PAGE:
There is also an old-wives-tale that says a baby will get ear infections if the baby is breastfed whilst lying down. This is not true; in fact breastfeeding actually reduces the risk of a baby getting ear infection over that of bottle-feeding.
Ear infection from feeding usually comes about by milk flowing into the baby's ear, where the warmth of the ear combined with the wetness and sugar of the milk provide a perfect breeding ground for germs. This is true for both breast milk and formula milk. However the mother's nipple is wonderfully designed, so that milk will only flow when the baby sucks. Thus, there is less chance of breast milk running down into the child's ear during feeding. Bottle nipples, however, aren't so well designed, and it is quite easy for milk to leak out of the nipple even when the child has stopped sucking. This is what makes ear infections more prevalent in formula fed babies rather than those fed on breast milk; it has nothing to do with the milk but everything to do with the mechanics.
Therefore, if you are feeding your baby formula milk you must pay a little more attention to prevent ear infection. First thing to be aware of is that formula milk, unlike breast milk, is a foreign substance and usually contains higher level of sugar; remember warmth, dampness and sugar are what germs thrive on. Also, even when feeding baby in a sitting position, it is still possible for milk to find its way into the baby's ear, so get a look out for this. Most importantly, never leave the bottle in the baby's mouth over long periods of time, allowing the baby to feed itself. This is a practice that is often done by some mothers when putting baby to bed. You're your baby is unsupervised; it is quite easy for milk to enter the ear. This habit, can also lead to something called bottle-feed tooth decay. Finally, it is important to remember that you must be more careful against infection when you bottle-feed. Breast milk is packed full of mother's own antibodies: formula milk has none of these. And, it is these antibodies that help your baby to ward off infection.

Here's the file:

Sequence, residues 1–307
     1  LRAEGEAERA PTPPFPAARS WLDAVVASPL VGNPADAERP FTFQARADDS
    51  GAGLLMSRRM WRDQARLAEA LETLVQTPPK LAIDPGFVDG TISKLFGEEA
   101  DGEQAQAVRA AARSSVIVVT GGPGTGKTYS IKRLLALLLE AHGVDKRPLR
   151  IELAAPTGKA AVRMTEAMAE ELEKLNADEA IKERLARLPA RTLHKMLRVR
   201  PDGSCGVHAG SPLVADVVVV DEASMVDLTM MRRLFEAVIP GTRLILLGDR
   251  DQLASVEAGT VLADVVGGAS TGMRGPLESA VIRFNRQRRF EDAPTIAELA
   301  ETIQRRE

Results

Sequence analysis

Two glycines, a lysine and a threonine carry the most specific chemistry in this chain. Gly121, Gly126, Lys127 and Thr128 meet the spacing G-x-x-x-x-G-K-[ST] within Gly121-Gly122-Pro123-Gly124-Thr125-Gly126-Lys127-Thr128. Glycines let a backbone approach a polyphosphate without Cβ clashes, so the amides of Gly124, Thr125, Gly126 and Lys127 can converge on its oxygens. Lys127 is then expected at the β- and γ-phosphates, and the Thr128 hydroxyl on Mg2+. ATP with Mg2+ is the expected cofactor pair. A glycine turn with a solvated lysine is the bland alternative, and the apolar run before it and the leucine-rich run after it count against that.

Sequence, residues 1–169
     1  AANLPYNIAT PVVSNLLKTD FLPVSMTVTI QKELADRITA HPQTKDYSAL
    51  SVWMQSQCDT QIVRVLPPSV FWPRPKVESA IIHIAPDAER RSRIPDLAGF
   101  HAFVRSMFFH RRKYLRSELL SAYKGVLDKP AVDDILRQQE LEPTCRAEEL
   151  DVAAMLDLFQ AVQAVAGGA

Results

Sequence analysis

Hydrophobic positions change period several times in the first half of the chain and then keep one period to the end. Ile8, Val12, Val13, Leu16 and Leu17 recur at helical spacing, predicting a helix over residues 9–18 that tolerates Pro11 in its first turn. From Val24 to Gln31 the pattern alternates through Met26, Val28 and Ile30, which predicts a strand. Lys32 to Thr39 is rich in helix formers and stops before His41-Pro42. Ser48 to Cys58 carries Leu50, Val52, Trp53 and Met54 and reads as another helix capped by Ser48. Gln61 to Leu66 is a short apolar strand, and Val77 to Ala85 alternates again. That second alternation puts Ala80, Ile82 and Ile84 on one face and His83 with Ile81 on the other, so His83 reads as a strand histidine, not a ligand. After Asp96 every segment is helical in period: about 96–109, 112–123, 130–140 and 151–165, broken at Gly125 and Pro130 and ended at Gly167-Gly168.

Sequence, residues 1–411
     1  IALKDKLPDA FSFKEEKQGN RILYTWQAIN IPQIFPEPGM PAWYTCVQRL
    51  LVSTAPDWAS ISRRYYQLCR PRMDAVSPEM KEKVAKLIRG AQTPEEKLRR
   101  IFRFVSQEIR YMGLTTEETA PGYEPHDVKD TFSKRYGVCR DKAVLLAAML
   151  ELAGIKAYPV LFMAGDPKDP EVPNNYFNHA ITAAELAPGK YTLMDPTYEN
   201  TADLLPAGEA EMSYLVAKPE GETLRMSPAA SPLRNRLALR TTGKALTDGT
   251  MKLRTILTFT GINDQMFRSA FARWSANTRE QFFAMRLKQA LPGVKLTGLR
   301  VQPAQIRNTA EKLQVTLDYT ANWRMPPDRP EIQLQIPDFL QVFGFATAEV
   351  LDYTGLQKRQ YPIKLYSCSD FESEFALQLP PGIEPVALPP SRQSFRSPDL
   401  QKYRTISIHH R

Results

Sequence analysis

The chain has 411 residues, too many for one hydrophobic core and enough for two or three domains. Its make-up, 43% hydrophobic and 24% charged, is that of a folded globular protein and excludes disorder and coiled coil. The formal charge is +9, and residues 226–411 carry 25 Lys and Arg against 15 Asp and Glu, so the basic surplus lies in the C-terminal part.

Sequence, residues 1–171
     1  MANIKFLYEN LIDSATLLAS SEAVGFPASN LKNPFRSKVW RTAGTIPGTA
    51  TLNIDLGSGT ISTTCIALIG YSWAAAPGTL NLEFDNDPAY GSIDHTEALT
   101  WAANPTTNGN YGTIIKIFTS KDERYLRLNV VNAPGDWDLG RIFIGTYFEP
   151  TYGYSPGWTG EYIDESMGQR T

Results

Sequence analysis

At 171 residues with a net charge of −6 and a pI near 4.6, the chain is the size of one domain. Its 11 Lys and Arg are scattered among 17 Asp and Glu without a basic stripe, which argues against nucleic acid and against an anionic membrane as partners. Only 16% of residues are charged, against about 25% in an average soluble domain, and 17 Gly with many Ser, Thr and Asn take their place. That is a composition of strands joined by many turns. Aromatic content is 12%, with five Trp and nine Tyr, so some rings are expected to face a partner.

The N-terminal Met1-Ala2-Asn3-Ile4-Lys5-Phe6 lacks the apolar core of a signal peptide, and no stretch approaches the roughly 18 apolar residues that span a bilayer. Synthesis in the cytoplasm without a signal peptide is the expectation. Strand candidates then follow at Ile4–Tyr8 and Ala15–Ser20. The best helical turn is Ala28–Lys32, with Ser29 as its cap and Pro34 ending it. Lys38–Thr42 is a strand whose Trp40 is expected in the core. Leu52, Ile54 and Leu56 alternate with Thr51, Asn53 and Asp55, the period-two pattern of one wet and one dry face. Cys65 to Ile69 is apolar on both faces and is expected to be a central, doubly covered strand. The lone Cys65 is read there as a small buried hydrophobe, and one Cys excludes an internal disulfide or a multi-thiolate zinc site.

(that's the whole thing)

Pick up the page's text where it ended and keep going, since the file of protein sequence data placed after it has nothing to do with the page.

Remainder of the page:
Bottle-feeding is not the only thing that can cause ear infection. Other causes are exposure to cigarette smoke, allergies, using a pacifier, being in a day care center and, so being in close proximity to other children who may have ear infections. Like most aspect of responsible parenting, it is just a matter of being aware of the dangers.
By Robin Cassidy